January 27, 2004

Computer Archeology

The term "computer archeology" has two meanings. One meaning is the art of using computers in archeology. But that's only because they haven't found a
computer in a dig--yet. Here, we're using the term in the way such science fiction writers as James P. Hogan and Vernor Vinge use it: the art of
recovering data from defunct, possibly alien, computers.

This article explains how to recover data from an Atari ST hard drive, using PC hardware, Linux and a bit of care. The effort benefits from two design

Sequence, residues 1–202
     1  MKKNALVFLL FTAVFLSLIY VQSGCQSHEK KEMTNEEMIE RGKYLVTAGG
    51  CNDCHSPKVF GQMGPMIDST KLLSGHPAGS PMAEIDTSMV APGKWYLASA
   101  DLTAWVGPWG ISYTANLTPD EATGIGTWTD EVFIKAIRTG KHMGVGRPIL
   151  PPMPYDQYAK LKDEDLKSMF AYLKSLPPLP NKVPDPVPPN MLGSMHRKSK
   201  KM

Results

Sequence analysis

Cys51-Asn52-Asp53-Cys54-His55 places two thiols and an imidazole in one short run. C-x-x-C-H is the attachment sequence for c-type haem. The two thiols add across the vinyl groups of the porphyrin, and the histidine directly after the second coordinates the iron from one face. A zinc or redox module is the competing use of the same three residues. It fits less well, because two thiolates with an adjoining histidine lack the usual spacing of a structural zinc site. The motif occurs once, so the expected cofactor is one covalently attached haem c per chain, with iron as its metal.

decisions the Atari ST designers made that show the benefits of open standards. First, the Atari ST can use a standard SCSI I hard drive with an
Atari-specific host adapter. Second, the ST uses 12-bit FAT filesystems, so I did not have to develop a filesystem driver. Linux's open architecture,
open-source nature and excellent native development tools would have made it the ideal platform for such a project.

The target hardware consists of a 234MB Quantum ProDrive LPS hard drive (large in those days) originally connected to the Atari by an ICD host
adapter.

Link: linuxjournal.com

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